Currently, there are two bills stuck in Democrat-controlled Congress, but deadlocked – the Freedom to Vote Act and John Lewis’s Advancement of Voting Rights Act – that would seek to both to remove some of the new restrictions on voting and to restore supervisory powers. of the Ministry of Justice.

But with near-unanimous Republican opposition to both bills, there is little chance of being passed without reforming Senate rules, a path that several Democrats, including West Virginia Senator Joe Manchin III, do not support. .

“I don’t know what more it will take before the United States Senate realizes that Republicans have no interest in having fair voting rights in this country,” said Trey Martinez Fischer, a representative of the United States. ‘Democratic state of Texas which organized its colleagues to flee the state in July to delay the passage by Republicans of new voting restrictions in the state.

The 2020 census showed that non-Latino white Texans now make up less than 40% of the state’s population, the Justice Department lawsuit said.

But the lawsuit said the Republican-created redistribution plan “refused to recognize the state’s growing minority electorate.”

Texas’ population jumped by 4 million people between 2010 and 2020, and the increase in the number of minority residents accounted for 95% of that overall growth.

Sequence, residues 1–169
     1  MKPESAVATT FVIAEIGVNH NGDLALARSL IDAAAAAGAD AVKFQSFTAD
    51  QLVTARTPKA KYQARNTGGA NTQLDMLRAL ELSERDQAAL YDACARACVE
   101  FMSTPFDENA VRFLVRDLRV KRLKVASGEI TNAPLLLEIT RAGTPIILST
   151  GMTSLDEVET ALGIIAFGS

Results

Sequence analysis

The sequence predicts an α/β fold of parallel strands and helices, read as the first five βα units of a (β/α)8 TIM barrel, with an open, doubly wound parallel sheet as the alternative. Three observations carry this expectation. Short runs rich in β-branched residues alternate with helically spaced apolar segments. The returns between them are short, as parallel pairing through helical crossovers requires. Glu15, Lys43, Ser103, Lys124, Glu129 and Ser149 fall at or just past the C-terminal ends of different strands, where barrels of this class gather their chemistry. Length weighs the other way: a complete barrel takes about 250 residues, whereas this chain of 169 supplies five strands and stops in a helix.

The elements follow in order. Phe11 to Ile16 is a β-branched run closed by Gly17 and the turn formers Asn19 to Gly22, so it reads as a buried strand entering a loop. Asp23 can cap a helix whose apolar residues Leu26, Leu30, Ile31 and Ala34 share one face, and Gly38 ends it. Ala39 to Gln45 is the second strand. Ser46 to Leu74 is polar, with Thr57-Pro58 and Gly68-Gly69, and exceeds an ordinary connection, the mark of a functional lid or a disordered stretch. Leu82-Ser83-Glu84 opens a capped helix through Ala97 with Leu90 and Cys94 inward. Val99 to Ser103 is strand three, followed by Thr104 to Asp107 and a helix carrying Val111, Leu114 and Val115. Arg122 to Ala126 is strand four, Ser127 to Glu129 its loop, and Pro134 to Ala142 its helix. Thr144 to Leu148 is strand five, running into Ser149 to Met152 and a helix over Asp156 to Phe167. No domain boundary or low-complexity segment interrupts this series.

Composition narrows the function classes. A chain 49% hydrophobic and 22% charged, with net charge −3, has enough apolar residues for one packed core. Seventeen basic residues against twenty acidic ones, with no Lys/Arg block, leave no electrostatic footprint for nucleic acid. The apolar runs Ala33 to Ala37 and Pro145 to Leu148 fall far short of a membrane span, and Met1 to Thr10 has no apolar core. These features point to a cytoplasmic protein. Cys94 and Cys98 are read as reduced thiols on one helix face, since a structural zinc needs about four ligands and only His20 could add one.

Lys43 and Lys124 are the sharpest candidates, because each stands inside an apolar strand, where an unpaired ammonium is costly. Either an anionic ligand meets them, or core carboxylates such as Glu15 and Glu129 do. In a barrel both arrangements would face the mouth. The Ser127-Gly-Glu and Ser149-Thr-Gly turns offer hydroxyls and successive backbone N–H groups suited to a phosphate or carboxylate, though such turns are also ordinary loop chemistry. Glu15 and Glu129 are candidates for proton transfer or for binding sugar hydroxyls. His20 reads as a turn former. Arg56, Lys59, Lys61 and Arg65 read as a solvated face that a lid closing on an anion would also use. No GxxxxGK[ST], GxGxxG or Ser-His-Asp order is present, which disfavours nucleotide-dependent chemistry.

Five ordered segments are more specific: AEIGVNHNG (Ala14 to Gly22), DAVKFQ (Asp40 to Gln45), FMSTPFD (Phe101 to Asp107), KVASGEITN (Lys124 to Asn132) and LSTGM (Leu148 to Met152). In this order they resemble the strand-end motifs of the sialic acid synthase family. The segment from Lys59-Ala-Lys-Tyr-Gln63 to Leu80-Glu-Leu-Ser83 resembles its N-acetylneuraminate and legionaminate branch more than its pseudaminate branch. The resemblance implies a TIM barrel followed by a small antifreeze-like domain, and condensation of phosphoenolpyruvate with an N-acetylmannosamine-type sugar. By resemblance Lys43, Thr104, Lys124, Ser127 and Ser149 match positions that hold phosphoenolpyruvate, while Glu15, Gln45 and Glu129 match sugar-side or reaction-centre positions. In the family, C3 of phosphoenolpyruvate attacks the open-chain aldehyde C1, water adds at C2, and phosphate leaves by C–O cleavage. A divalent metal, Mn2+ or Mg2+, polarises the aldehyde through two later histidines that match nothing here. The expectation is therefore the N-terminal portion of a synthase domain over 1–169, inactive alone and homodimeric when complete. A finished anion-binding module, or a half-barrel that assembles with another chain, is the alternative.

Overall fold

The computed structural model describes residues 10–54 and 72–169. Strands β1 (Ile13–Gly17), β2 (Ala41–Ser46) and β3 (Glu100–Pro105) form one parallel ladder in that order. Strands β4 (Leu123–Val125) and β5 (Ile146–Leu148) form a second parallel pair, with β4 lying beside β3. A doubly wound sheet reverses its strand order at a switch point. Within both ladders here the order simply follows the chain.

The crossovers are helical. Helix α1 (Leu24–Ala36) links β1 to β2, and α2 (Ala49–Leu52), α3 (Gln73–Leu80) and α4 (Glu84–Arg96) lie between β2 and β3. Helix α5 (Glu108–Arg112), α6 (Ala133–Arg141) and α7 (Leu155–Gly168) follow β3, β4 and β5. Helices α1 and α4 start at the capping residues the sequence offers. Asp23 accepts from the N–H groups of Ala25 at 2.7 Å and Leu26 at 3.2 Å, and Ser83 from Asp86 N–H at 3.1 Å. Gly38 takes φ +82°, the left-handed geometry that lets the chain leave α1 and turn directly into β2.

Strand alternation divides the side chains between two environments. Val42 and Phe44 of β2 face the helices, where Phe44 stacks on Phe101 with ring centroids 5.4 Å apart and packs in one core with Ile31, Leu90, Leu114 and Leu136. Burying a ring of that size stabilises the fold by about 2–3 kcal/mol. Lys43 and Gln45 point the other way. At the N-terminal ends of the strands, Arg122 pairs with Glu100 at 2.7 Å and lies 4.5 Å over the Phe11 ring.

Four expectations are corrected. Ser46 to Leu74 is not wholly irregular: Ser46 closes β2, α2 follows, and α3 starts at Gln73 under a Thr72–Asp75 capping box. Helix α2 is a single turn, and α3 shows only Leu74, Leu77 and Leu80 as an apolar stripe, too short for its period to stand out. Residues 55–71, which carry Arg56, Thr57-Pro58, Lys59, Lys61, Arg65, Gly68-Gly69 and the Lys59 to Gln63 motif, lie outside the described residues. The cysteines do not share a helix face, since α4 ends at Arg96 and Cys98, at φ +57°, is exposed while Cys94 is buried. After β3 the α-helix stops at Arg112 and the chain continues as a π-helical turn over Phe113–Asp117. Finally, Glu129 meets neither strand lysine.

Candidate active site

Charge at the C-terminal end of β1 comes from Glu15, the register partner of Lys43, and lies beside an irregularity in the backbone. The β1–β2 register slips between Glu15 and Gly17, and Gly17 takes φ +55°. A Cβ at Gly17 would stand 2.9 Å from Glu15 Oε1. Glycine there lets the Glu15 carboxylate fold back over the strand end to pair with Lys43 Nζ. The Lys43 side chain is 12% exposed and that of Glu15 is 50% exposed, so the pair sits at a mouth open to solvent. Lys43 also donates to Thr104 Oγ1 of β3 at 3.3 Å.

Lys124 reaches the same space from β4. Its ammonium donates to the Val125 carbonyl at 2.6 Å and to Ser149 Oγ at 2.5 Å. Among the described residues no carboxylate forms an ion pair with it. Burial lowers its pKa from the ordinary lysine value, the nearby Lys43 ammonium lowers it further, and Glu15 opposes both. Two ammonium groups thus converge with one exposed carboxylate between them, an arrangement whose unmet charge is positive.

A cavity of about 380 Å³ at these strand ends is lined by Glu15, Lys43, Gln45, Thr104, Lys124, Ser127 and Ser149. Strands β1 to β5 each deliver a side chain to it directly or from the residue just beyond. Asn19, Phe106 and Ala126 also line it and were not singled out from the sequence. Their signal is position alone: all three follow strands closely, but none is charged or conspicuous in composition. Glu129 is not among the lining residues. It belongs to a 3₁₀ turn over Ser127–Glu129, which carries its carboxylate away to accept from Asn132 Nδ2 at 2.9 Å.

Career lawyers in the civil rights division of the Department of Justice have found that the state’s new electoral districts “will dilute the increased minority voting strength that should have developed from these changes,” Ms. Gupta said. .

As Texas wins two more seats in Congress based on millions of new minority citizens, the Justice Department has found that those seats will have a majority of white votes.

The redistribution plan also “surgically excised minority communities” from the core of the Dallas-Fort Worth Metroplex “by attaching them to strongly Anglo-Saxon rural counties, some over a hundred miles away,” the lawsuit said. of the Ministry of Justice.

Based on demographic changes, the lawsuit said “proportional representation for Latino voters in Texas would be 11 seats in Congress and 45 seats in Texas,” but the new maps only provide seven seats in Congress and 29 seats. in Texas.

The Justice Department is asking the courts to force Texas to create and implement a new redistribution plan and to establish interim plans that address elements of its current redistribution plan that are deemed illegal.

The department’s lawsuit is the third legal challenge to the newly-drawn Texas voting cards. Private plaintiffs, including a group led by former attorney general Eric H. Holder Jr., have also filed lawsuits. Mr. Holder, who headed the Justice Department during the Obama administration, is chairman of the National Democratic Redistricting Committee, a voting rights group.



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Newsrust - US Top News: Justice Department files lawsuit against Texas for voting rights
Justice Department files lawsuit against Texas for voting rights